Eur. Phys. J. AP
Volume 10, Number 1, April 2000
|Page(s)||33 - 42|
|Published online||15 April 2000|
Vacuum microelectronics devices based on the controlled electron motion in electric and magnetic fields
Electrotechnical Laboratory, 1-1-4 Umezono, Tsukuba, Ibaraki 305-8568, Japan
2 Nagoya Institute of Technology, Department of Environmental Technology Gokiso-cho, Showa-ku, Nagoya 466, Japan
Corresponding author: firstname.lastname@example.org
Accepted: 20 January 2000
Published online: 15 April 2000
Several novel field emission devices are analyzed in a unitary way. The devices involve the use of field emitter arrays in a special configuration where the emitted electrons are subject to crossed electric and magnetic fields. Due to the acting electric and (magnetic) Lorentz forces, the electrons are either deviated or have a cycloid-like confined motion. The angular deviation of the electron trajectory can be used for measuring magnetic fields. The pulsed electron current produced by a cold cathode can be used to generate electromagnetic radiation. Because the electrons have a confined motion with a long trajectory length, their chance of hitting a residual gas molecule is increased. They can either excite gas molecules, which in turn emit UV-radiation when relaxing back to the stable state, or ionize them, the ionic current being correlated with the gas pressure. Accordingly, devices for generating UV-radiation and vacuum gauges can be devised. Furthermore, if the ion generation takes place in a narrow and well-defined region, then their angular deviation can be correlated with their mass. A mass spectrometer (with miniaturized dimensions and field emission electron source) can be devised on this principle.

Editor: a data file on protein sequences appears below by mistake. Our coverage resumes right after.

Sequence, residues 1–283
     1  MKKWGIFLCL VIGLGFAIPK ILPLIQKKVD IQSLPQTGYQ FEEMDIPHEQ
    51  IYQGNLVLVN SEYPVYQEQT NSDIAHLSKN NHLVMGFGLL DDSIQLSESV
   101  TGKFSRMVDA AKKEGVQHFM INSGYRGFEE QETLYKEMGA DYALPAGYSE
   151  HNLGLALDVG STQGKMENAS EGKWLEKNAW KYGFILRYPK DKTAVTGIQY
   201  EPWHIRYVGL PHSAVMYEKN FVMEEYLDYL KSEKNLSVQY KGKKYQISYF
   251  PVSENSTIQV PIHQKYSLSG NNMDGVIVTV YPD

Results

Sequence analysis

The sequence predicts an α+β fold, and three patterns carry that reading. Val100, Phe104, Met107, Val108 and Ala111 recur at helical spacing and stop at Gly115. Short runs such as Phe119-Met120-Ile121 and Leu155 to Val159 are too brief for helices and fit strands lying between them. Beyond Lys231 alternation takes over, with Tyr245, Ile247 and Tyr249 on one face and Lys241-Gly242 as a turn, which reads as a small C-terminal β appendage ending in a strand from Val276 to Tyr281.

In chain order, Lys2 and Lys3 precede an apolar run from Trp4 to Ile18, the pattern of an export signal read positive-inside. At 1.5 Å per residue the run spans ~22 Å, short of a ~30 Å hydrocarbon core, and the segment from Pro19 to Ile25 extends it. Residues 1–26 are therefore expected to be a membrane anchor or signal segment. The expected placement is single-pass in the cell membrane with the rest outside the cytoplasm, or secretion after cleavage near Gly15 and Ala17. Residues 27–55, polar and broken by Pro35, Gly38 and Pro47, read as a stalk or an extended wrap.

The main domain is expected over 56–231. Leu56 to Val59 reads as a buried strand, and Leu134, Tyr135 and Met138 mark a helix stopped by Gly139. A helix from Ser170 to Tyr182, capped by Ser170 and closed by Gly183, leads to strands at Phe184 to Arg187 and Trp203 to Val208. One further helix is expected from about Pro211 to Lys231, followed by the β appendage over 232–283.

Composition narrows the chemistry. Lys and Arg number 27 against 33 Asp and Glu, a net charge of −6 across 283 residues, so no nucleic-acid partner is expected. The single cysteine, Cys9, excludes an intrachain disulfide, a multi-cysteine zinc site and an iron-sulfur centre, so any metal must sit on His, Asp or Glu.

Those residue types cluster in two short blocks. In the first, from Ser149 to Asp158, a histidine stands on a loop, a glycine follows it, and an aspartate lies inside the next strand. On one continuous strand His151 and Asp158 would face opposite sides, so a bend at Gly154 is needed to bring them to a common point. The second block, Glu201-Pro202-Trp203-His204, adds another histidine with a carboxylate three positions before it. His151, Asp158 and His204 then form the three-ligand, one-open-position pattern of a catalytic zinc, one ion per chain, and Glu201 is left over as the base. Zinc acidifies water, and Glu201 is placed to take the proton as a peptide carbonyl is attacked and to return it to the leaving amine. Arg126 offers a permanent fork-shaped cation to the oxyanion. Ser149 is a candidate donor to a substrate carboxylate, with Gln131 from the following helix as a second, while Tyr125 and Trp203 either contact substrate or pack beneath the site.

PACS: 85.45.-w – Vacuum microelectronics / 79.70.+q – Field emission, ionization, evaporation, and desorption
© EDP Sciences, 2000
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